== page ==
alternative vision. It would be a mass-based party, uniting workers, farmers, middle-class idealists, and others seeking a better world. There would be only a small, subjectively socialist presence in the party; this would perform the role of "leader and teacher" to the whole. 82 In his mind, ideological bickering had been the ruin of a potentially successful movement, and humanity could ill afford the divisive luxury of maintaining and perpetuating even a correct philosophy. "Our hope of being anything more than a Marxian sect," he cautioned his comrades, "lies in an emphasis on unity of action for immediate measures reaching toward a socialist goal." 83 Not believing in the development of socialist consciousness through struggle, and fearful that a sustained pedagogic effort would inhibit the ability of a movement to organize for reform, Thomas opted for a muddling-through approach. This approach might create the structures of a socialistic world but--even in his own analysis--it would do little for socialist understanding. 84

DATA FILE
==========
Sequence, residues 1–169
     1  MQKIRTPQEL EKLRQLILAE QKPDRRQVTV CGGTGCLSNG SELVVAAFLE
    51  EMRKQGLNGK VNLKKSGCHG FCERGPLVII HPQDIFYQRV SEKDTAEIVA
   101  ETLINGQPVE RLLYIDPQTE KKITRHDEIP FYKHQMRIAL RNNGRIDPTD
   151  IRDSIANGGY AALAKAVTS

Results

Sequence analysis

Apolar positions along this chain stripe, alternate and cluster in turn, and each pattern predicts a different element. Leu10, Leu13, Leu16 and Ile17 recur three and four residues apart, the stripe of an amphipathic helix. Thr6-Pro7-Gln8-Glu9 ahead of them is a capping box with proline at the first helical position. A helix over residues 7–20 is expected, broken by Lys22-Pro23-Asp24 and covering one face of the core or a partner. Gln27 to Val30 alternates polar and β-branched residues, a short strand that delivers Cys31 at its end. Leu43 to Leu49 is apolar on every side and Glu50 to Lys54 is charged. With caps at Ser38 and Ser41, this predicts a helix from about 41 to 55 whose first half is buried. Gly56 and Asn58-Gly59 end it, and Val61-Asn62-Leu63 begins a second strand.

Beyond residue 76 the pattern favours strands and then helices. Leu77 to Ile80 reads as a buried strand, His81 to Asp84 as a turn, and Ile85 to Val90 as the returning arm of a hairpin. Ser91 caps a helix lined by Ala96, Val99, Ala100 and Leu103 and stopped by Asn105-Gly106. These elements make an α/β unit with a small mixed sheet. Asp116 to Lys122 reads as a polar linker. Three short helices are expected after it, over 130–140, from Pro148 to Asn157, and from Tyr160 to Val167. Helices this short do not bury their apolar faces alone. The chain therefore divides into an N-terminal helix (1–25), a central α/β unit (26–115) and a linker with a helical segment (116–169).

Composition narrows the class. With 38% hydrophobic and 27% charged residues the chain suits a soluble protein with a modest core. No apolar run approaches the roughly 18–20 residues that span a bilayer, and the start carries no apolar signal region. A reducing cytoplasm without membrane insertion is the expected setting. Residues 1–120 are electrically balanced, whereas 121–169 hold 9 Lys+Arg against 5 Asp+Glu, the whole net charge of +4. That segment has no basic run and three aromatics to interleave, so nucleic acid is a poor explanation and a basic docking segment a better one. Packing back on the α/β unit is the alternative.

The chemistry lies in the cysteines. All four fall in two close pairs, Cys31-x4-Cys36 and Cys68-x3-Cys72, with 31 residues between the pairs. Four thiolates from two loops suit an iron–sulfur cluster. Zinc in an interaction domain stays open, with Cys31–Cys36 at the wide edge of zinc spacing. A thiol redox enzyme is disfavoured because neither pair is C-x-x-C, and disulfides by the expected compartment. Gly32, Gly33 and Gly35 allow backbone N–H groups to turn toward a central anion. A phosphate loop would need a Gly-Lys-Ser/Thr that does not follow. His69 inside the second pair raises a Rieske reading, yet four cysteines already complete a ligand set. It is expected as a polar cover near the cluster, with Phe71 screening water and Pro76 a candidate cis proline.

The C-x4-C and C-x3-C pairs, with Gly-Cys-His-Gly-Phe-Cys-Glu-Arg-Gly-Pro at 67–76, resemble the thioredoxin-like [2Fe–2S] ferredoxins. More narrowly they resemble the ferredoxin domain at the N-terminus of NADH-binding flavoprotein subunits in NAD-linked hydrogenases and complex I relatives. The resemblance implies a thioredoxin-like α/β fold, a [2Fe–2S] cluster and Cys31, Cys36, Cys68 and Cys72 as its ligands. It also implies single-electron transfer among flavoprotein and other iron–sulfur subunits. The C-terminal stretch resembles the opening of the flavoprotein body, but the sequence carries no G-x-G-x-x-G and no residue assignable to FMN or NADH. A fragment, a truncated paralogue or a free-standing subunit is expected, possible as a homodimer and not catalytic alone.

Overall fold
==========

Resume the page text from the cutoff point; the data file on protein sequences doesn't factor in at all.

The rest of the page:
Under the leadership of Norman Thomas, the non-Communist left developed into a vanguard of reform liberalism. It championed a host of seemingly unrelated progressive causes, independent of a single party or organizational framework, often leaving unstated the essence of its philosophy. Thomas never abandoned the socialist label, but that was of little importance. From the early Thirties until his death, to be a socialist meant only to ally oneself with those causes which Norman Thomas fought for.